Herbicide-Resistant Kochia, Palmer, and Waterhemp in the Panhandle: Distribution and Management

2018 Crop Production Clinic Proceedings

Herbicide-Resistant Kochia, Palmer, and Waterhemp in the Panhandle: Distribution and Management

In the Panhandle of Nebraska, three weed species have been confirmed resistant to glyphosate (Roundup): kochia, Palmer amaranth, and waterhemp. In 2017 50% of all kochia samples and 13% of all Palmer amaranth samples screened were confirmed to be resistant (Figure 1). No waterhemp samples received in 2017 were found to be resistant to glyphosate. In the Panhandle glyphosate-resistant kochia is fairly evenly distributed throughout the region. Herbicide-resistant Palmer amaranth and waterhemp, however, tend to be concentrated between Lake Minatare and Bridgeport.


Example of kochia gene copies per plant
Figure 1. Accession ID and EPSPS gene copy number for all kochia plants received for glyphosate-resistance screening. A normal kochia plant has two copies of the EPSPS gene, but a resistant plant can have 10 or more copies. If the plant has three or more copies, as indicated by the blue line, it is resistant. As a rule-of-thumb, a number of copies between three and six would be considered moderately resistant and may be controlled by a very high dose of glyphosate. Plants with more than six copies could survive even high doses. Most resistant plants found in the Panhandle are moderately resistant.


In addition to glyphosate resistance, all three species have also been confirmed resistant to ALS (raptor) and Photosystem II (atrazine) inhibiting herbicides in western Nebraska, and dicamba-resistant kochia has been confirmed in southwest Nebraska. Further east, certain populations of these species have also become resistant to growth regulators (2,4-D) and HPPD inhibitors (Callisto, Laudis). The impact of these three weed species to a particular farming operation depends on the crops grown, with good options for control available in wheat and corn, and considerably fewer options available in sugarbeet or dry bean.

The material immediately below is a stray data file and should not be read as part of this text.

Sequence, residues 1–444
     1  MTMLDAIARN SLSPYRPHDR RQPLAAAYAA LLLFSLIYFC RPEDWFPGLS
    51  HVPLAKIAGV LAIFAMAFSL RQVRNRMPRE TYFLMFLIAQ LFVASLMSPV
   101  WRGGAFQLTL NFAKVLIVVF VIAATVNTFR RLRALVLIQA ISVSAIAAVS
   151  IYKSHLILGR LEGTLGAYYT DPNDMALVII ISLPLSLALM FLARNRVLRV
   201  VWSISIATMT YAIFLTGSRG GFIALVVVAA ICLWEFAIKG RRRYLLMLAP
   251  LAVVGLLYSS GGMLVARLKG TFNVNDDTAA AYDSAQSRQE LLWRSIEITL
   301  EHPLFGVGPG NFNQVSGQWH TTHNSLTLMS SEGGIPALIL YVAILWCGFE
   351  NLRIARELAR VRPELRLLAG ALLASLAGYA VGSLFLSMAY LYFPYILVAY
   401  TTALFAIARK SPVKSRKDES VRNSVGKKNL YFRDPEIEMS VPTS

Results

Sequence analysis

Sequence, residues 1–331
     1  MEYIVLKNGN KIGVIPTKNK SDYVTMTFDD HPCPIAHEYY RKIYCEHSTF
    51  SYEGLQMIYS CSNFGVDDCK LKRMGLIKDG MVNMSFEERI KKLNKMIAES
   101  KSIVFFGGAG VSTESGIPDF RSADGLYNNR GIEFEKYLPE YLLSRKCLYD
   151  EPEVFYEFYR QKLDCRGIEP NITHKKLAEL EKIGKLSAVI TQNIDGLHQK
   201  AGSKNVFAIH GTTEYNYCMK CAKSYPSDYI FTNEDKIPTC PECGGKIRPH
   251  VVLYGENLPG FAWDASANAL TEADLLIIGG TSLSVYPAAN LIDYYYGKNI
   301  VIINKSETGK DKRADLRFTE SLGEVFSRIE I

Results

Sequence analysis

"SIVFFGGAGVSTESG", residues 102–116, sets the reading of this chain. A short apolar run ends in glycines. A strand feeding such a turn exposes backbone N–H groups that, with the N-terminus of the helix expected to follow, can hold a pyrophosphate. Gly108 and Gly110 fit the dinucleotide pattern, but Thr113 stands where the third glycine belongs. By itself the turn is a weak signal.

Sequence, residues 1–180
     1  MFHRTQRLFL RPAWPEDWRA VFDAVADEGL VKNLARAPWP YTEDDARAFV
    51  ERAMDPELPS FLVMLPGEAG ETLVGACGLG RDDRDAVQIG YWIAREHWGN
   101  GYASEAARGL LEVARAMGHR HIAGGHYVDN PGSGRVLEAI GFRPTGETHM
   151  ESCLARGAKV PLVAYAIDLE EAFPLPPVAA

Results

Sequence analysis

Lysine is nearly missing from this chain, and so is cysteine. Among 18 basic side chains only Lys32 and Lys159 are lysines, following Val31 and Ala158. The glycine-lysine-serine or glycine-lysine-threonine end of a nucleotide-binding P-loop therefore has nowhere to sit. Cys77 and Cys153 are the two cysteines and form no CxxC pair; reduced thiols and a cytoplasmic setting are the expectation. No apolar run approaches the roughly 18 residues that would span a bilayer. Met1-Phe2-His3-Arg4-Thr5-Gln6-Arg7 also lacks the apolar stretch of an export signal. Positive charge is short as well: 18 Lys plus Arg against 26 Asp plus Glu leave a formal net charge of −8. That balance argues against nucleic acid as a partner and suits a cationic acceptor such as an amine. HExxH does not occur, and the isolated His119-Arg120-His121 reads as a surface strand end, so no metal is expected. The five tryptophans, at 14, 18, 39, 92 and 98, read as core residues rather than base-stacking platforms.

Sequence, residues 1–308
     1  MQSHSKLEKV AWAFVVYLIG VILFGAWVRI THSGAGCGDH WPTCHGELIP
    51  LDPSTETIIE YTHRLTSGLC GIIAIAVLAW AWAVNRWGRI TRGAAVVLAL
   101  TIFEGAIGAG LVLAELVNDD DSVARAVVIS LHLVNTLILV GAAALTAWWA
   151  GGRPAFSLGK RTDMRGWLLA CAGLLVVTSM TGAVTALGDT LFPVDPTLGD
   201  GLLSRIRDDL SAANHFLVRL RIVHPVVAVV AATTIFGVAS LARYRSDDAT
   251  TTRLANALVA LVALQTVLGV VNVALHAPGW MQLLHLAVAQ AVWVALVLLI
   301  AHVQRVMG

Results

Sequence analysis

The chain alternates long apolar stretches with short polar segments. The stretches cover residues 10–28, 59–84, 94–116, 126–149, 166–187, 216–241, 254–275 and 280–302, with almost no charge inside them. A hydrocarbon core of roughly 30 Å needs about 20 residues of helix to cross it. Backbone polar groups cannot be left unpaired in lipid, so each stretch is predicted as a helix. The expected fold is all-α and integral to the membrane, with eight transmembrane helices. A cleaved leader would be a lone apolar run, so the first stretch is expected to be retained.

For control of pigweeds (Palmer amaranth and waterhemp) in dry bean weed scientists in North Dakota have been recommending using Raptor, Basagran, and Reflex at sub-labeled rates and at split application for control. In sugarbeet, herbicide-resistant pigweeds were easily controlled in Michigan using Betamix at 2 pints per acre. Unfortunately, both programs didn’t provide sufficient control. So what works in western Nebraska for control of herbicide-resistant weeds?

  • Preplant-incorporated herbicides (PPIs) provided the best chance for season long weed control in dry bean.
  • PRE programs (Prowl H20 with Outlook or Dual) provided good control in light infestations.
  • Reflex is the only effective option for post-crop emergent control in dry bean, but it may lead to injury in next year’s corn crop.
  • Betamix failed to control Palmer amaranth at 6 pints per acre in field trials. Work is ongoing to determine if pigweed is resistant to Betamix.
  • Layby application of Outlook, Sequence, or Dual can prevent further emergence of pigweeds in sugarbeet.
  • To control Palmer amaranth, waterhemp, or kochia in corn glyphosate (RoundUp or Touchdown) cannot be applied alone.
  • Dicamba (Clarity, DiFlexx) applied at sufficient rates provided good control of kochia, waterhemp, and Palmer amaranth in corn. However, if you’re concerned about dicamba-resistant kochia, fluoxypyr (Starane) is the best option.


Sugarbeet, dry bean response
Figure 2. Left photo: Injury to sugarbeets and Palmer amaranth from 12 fl oz Stinger and 3 pints Betamix applied to Palmer amaranth less than 2 inches in height. Right photo: Center plot was treated with Eptam plus Sonolan PPI along with no POST, the plot on the left was treated with Raptor plus Basagran alone with no PRE, and the plot on the right was untreated.



Due to the relatively late planting date of dry bean, kochia isn’t as problematic as in other irrigated crops in the Panhandle. Herbicide-resistant pigweeds however, emerge throughout the year in dry bean and can heavily impact yield and harvest operations. Control of herbicide-resistant waterhemp and Palmer amaranth is possible through the use of the right PRE or PPI herbicides.

In comparison, herbicide options for kochia, waterhemp, and Palmer amaranth are lacking in sugarbeet. The best option for control of herbicide-resistant weeds in sugarbeet is with rotational strategies, relying on multiple years of corn or irrigated wheat prior to the sugarbeet crop to reduce the seed bank of herbicide-resistant weeds. Corn and small grains remain the best crops available for controlling herbicide-resistant weeds as there are better herbicide options, and corn and wheat are better competitors.


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